New figures from Age UK show our social care system is disintegrating | Care Industry News


New figures from Age UK reveal the shocking extent to which millions of older people are being left to prop up the country’s disintegrating care system, with those aged 65 and over providing nearly 54 million hours of unpaid care each week in England in 2016[i].

These figures highlight the rising demands being placed on older informal carers as Government underfunding causes the social care safety net to shrink, resulting in increasing numbers of our older population in need of care, being thrown back on their own and their family’s resources.

In 2015/16, over two and a quarter million (2,299,200) people aged 65 and over provided care – a 16.6 per cent increase on five years ago when 1,829,200 did so[ii],[iii].

Over 400,000 (404,400) of these unpaid carers are from the oldest demographic in our society (aged 80 and over), and they provided 12.7 million hours of care in 2015/16 – a 12.7 per cent increase from 2009/10[iv],[v].

Most older people willingly take on the task of helping to care for a loved one – usually but not always a husband or wife – and don’t think of themselves as doing anything out of the ordinary. However, leaving older people to shoulder too much, or sometimes all of the responsibility and hard work of looking after someone in declining health and with significant care needs is unfair. It can also put these older family carers’ own health at risk, and many of them are coping with health problems themselves.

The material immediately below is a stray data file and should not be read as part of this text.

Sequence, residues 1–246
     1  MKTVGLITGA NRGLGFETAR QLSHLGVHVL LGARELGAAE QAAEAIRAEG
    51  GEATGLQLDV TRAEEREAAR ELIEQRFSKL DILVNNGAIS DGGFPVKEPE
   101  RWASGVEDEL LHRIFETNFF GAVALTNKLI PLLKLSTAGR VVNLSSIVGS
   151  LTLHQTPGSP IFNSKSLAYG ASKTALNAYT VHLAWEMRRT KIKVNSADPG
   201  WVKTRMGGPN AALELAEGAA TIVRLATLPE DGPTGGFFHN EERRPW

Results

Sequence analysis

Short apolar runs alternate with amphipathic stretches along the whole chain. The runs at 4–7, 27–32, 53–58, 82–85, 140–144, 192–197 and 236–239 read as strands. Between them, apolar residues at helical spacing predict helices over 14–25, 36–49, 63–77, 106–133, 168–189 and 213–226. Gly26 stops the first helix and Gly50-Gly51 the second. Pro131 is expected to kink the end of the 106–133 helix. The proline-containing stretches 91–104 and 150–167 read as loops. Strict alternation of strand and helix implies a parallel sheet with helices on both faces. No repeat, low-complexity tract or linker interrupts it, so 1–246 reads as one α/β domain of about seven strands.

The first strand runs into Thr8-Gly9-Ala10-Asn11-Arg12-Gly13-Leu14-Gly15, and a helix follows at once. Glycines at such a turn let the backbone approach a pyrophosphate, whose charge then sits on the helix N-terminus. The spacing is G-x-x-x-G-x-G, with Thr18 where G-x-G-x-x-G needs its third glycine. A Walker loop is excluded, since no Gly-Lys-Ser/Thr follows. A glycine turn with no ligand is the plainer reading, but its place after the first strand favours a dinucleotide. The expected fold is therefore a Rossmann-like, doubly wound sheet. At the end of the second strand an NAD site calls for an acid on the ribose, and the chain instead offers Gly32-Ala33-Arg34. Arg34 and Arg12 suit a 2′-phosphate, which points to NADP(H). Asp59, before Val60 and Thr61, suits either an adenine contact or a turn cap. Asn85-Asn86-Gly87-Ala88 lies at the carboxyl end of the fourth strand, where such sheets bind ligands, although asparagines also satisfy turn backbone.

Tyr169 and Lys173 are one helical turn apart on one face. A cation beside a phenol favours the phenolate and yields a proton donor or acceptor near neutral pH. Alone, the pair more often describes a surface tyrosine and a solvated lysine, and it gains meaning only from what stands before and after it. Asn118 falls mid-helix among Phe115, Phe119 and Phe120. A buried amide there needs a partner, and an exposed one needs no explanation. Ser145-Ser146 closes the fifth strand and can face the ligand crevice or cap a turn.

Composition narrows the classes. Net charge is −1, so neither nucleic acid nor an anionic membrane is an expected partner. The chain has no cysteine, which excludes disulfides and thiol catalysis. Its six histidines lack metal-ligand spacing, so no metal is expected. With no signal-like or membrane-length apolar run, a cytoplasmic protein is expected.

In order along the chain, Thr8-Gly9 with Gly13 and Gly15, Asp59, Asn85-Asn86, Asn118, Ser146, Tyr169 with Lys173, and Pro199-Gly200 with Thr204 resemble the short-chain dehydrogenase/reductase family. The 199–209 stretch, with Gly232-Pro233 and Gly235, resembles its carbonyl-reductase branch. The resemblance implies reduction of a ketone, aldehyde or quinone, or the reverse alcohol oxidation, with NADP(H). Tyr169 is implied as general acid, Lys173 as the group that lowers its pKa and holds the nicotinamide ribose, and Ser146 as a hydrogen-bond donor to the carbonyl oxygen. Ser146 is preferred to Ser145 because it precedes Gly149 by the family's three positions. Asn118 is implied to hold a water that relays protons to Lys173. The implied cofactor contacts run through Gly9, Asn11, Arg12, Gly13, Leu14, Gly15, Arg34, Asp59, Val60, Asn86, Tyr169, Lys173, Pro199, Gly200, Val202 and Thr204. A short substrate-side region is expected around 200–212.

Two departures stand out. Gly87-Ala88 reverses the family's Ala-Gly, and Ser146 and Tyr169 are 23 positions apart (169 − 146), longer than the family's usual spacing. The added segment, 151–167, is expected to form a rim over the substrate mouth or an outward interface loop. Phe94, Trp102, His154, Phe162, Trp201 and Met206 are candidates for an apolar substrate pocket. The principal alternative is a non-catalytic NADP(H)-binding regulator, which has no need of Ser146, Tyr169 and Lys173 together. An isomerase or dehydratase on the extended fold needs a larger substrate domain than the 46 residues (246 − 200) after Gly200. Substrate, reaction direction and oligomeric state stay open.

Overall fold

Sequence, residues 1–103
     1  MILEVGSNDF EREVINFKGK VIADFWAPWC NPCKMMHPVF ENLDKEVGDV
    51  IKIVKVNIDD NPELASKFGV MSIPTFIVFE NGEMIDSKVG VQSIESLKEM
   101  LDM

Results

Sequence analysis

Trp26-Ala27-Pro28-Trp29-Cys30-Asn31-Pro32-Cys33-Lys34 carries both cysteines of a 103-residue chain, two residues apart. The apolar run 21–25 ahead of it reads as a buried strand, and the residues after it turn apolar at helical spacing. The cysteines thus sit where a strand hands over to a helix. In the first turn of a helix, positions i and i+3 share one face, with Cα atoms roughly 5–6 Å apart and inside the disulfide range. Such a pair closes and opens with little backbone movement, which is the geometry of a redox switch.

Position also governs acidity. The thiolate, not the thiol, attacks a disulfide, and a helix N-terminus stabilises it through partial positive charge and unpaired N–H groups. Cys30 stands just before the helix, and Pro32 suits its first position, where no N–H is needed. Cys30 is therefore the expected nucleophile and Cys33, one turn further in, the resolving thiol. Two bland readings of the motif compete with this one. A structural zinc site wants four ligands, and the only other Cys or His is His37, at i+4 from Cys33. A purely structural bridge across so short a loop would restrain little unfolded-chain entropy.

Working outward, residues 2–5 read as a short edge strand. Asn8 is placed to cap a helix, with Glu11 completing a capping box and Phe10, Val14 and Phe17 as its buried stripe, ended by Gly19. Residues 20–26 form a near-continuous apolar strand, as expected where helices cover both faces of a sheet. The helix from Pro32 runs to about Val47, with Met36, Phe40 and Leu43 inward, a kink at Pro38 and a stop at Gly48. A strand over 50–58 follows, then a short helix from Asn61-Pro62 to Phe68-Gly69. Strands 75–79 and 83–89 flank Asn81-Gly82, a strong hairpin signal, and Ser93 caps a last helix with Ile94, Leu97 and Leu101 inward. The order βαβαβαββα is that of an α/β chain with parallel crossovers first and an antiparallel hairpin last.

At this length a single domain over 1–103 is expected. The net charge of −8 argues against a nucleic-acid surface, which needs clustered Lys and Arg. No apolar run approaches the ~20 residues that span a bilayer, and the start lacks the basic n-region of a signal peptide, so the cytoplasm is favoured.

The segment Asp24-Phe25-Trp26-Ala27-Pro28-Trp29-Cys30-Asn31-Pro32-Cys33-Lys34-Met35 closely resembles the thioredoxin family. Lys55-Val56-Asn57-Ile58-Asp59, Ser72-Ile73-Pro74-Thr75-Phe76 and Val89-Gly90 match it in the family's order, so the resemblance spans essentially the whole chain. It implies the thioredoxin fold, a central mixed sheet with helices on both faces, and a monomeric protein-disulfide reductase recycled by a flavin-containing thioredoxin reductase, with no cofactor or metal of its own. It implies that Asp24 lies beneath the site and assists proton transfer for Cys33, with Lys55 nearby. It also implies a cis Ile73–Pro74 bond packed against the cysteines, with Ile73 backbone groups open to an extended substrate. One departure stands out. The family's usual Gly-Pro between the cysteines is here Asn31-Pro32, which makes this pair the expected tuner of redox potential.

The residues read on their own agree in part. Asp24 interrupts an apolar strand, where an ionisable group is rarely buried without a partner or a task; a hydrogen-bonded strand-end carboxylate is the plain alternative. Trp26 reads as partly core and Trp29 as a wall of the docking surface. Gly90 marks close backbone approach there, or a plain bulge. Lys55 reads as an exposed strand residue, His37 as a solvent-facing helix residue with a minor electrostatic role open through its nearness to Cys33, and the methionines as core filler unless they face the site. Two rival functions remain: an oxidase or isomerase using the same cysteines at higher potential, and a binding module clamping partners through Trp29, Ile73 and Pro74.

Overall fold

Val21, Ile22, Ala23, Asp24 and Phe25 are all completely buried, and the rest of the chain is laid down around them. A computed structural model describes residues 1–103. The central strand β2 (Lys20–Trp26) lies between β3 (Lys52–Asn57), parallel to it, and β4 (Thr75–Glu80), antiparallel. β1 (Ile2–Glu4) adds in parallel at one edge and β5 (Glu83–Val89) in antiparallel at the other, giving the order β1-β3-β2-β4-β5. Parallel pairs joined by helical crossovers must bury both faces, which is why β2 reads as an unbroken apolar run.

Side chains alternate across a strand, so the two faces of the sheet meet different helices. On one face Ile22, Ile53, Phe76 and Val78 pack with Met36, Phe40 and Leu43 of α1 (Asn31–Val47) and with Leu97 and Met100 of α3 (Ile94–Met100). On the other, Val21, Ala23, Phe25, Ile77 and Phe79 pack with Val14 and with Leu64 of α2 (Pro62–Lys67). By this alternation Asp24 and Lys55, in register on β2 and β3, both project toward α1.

Over half (54.8 per cent) of people aged 65 and over who provide at least one hour of care have a long-standing illness or disability – equating to well over a million people (1,262,500), or one in ten (10.7%) of all these family carers

 

Source: New figures from Age UK show our social care system is disintegrating | Care Industry News

One thought on “New figures from Age UK show our social care system is disintegrating | Care Industry News

  1. This research is only looking at the care of the elderly and their elderly carers, but what about the vast number of carers young and old who are caring for their disabled relatives.

    With disable persons living longer many of their carers are elderly, with many in their 70s and 80s and there will be some in their 90s.

    So, in reflection the state of the total care market is much worse than these figures are stating, even though these figure are indicating a system verging on disintegration.

    If the unpaid carers were all unable to offer to care the care system would not not be able to cope. The unpaid family carers are an unseen force who do really care unlike the care system and those responsible for it finance.

    Like

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